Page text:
In reality, school phobia is often accompanied by very diligent studying at home: young children and teenagers suffering from this problem do not mind studying at home and they often work very hard so that a long absence from school does not affect their performance on returning. However, this does not take away from the fact that a long absence from school tends to generate a secondary problem of insecurity about the sufferers knowledge of the modules studied at school.

The family structure which can encourage the problem
Common features of the family context which seem to fuel the problem have been identified in numerous cases of school phobia.
Openly anxious and phobic mothers tend to force their fears on their children and can make their children think that they need to be protected at all times.
Hyper-protection often appears to be strongly connected to the mothers’ insecurities, which intrudes on the children’s lives, creates a feeling of security and fuels this rigid closeness to the mother.
The father is usually not very reassuring, weak or absent for various reasons (for example, work, family problems or death) and this means there is no fundamental, reassuring model or, for males, a figure of security.
Another common feature, usually intertwined with those listed up until now, is the family educational regime which may be tolerant and forgiving and thus very different from some school environments. It is not uncommon that some teachers, who have to keep a loud class under control for hours, need to raise their voices or reprimand children and this may intimidate some fearful children or those who are not used to such a strict regime at home. When school phobia in the result of an unhealthy relationship between mother and child and the child being spoilt at home, this is called induced school phobia.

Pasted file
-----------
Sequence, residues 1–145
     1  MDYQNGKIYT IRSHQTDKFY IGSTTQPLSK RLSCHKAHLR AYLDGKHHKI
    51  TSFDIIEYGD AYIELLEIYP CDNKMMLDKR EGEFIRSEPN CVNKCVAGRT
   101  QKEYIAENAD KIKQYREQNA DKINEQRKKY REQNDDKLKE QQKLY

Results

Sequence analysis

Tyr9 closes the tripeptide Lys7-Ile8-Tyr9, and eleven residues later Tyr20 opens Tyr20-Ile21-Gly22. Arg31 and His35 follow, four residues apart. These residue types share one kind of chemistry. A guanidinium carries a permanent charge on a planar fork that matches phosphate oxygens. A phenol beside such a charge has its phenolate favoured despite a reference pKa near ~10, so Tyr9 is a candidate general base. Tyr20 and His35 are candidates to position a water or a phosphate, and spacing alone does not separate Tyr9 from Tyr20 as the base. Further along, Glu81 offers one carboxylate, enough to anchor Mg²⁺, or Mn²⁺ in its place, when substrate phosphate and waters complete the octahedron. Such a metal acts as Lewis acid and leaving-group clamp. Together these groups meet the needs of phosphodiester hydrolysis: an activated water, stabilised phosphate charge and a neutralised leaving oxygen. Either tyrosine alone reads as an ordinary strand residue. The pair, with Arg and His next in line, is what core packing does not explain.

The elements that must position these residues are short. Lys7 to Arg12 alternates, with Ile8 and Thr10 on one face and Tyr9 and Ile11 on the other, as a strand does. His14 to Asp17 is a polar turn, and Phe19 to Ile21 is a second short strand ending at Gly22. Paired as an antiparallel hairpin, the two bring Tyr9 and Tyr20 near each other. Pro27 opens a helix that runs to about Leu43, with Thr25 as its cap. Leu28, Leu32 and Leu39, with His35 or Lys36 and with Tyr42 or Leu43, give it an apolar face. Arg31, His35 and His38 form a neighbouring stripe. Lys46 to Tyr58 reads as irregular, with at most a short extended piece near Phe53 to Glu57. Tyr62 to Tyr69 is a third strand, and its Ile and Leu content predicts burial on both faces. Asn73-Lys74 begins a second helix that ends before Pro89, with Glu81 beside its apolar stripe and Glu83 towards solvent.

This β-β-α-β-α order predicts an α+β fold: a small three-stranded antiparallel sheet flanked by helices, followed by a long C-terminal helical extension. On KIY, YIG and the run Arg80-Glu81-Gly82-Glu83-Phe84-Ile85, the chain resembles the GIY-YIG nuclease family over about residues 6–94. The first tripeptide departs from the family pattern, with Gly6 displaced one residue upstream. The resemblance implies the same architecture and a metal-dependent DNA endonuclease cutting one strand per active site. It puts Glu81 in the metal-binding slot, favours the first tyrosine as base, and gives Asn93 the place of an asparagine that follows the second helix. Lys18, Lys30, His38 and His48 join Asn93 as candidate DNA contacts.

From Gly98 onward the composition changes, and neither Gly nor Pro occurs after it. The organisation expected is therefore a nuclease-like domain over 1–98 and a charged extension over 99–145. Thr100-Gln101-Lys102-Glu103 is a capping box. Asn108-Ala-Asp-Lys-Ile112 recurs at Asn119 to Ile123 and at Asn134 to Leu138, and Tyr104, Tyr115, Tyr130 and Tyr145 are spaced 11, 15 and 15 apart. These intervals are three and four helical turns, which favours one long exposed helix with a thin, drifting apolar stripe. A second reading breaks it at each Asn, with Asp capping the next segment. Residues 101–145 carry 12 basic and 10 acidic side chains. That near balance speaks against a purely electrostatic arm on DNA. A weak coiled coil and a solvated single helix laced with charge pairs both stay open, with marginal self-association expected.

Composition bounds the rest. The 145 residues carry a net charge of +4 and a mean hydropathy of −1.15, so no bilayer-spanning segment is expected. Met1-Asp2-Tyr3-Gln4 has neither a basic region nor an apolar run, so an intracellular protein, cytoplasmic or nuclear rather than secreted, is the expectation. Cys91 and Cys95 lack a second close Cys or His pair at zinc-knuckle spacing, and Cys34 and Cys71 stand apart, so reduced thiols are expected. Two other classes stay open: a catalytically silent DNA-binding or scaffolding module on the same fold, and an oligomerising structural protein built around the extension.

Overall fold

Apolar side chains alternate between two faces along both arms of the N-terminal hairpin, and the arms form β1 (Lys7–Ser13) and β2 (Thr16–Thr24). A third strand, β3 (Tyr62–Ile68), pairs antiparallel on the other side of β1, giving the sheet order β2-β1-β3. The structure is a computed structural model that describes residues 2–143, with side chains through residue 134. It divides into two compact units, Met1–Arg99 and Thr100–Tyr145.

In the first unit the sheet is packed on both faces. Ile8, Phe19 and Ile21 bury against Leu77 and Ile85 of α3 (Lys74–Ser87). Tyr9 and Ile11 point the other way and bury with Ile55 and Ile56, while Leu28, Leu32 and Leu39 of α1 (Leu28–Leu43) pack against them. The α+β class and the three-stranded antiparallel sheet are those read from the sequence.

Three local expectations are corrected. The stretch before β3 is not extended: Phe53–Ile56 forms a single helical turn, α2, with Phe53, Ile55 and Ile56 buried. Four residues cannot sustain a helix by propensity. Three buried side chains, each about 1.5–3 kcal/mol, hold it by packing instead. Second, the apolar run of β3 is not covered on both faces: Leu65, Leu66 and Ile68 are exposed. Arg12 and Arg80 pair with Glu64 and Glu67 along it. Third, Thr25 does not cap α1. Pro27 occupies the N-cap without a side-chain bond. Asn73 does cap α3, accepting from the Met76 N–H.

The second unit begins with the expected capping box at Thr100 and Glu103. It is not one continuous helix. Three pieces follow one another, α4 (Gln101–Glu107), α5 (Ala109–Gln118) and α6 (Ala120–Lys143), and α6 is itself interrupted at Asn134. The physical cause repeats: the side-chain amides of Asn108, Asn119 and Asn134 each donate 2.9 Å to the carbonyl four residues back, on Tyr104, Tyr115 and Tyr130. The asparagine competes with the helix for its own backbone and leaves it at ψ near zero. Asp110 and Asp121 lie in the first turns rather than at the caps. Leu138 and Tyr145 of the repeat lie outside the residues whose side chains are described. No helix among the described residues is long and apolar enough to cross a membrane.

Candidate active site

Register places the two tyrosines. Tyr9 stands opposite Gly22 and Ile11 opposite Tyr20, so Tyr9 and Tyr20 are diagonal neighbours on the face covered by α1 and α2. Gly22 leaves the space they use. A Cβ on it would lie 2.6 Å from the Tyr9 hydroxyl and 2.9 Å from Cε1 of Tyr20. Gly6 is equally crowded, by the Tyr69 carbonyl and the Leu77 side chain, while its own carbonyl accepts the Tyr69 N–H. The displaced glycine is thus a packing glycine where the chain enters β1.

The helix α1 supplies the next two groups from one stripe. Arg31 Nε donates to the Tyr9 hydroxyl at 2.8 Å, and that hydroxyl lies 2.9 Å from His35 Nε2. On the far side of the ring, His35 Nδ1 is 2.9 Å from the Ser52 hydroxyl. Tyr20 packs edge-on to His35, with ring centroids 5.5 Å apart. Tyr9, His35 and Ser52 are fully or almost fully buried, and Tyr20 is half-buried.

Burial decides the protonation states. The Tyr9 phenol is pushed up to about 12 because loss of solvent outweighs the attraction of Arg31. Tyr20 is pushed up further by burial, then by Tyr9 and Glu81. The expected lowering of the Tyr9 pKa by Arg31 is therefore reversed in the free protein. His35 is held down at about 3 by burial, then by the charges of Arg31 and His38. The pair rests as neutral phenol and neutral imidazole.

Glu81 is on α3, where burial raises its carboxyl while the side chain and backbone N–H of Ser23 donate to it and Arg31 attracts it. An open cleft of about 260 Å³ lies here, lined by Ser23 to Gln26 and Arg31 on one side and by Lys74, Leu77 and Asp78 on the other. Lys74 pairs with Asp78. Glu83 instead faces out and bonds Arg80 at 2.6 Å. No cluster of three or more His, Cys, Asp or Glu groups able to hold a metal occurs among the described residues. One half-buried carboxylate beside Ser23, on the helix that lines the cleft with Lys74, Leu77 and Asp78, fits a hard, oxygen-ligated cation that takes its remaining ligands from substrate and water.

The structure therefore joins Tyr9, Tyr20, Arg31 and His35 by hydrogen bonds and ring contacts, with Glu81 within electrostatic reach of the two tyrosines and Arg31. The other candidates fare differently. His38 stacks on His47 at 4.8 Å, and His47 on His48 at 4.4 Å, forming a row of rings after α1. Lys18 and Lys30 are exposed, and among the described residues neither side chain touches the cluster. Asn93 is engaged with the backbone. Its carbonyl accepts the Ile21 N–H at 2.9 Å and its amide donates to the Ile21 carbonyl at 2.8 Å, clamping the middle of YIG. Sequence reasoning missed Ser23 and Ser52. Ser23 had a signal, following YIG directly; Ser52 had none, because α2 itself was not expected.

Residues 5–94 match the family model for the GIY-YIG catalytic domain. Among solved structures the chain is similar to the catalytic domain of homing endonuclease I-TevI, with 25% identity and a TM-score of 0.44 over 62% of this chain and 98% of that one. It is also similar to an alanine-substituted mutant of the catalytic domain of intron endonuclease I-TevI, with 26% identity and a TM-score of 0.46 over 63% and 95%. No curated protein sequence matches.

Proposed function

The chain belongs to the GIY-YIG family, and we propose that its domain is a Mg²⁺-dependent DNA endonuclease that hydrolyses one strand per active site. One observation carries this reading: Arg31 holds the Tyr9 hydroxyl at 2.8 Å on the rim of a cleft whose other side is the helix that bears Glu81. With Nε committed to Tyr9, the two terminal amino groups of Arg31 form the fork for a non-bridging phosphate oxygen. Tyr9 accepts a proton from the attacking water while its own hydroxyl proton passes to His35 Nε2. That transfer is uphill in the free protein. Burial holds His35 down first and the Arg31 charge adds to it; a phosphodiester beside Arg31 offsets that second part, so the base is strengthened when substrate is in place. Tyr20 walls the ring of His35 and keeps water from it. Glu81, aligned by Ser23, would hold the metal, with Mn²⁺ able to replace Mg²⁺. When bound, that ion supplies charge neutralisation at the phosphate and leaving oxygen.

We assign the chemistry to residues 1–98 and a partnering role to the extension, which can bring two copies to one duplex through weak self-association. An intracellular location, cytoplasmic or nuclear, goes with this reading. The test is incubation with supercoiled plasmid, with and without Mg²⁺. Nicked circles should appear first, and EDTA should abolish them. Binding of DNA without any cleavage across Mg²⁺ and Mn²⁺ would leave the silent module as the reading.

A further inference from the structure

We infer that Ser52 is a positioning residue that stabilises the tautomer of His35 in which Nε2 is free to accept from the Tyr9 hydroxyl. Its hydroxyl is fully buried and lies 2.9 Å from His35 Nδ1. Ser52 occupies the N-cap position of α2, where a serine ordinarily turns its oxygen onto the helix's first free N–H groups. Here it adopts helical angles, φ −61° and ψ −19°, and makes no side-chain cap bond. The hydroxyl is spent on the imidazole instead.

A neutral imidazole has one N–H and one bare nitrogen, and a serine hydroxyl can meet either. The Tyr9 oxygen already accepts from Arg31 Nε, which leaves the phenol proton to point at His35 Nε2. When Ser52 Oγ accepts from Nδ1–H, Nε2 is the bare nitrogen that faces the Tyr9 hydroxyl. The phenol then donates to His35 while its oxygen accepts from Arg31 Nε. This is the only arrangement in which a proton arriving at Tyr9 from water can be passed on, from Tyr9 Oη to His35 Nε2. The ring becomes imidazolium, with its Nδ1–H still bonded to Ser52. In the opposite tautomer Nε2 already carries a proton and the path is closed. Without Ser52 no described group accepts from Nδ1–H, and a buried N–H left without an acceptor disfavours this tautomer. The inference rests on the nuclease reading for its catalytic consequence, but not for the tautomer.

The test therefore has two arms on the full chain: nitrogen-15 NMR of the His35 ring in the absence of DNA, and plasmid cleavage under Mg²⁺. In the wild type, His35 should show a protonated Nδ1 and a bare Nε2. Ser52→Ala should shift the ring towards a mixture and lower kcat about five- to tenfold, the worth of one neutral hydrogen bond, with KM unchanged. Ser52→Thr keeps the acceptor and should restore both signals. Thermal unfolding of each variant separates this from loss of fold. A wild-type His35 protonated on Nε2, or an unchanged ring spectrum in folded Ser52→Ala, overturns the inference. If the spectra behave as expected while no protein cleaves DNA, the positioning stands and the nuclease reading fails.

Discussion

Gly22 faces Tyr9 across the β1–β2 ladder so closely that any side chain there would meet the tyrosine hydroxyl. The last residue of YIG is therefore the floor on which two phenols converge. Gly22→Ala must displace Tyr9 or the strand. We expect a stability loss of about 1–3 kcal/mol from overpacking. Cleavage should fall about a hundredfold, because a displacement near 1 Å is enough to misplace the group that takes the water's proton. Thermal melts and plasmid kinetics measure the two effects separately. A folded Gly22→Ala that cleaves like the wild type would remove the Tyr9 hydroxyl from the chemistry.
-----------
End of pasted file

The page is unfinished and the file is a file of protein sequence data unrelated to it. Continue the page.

On the other hand, when school phobia is the result of negative school experiences, this is called acute school phobia, whilst other cases one speaks of mixed forms called chronic school phobia.

Dealing with the problem
In order to help children and adolescents who show signs of school phobia, one must consider the causes which provoked this phobia in depth.
It is very important that the treatment carried out by a professional considers the child’s personality, the problems there might be within the family, especially if there has been a death in the family, and the latest occurrences to do with school.
With desensitisation treatment, it is possible to get the child to return to school without forcing them by gradually preparing them for the event. At the same time, work on positive parenting should be carried out in order to support the return to school and so that the parent(s) do not accidently cause the fear to come back.
The main aim of professional treatment for school phobia must be to encourage the suffering child to go back to school by constructing a common front and providing him/her with a unique message which tells him/her that he/she needs to go back to school and that he/she can do it. It is also important to establish times when the child is listened to, about his/her needs and progress. Sometimes it is also necessary to inform the teachers and school of the problem so that when the child goes back, he/she is more protected, even though the aim is to get him/her to develop skills to adapt in controversial environments by developing basic social and relationship skills which will be useful for his/her whole life. This will also prevent future problems to do with social or professional discomfort. 
After having fulfilled the first objective, it is necessary to work on reinforcing the child’s self-esteem, both in terms of school life and relationships, improving communication skills and dealing with unforeseen events and problems at school, so as to prevent future relapses.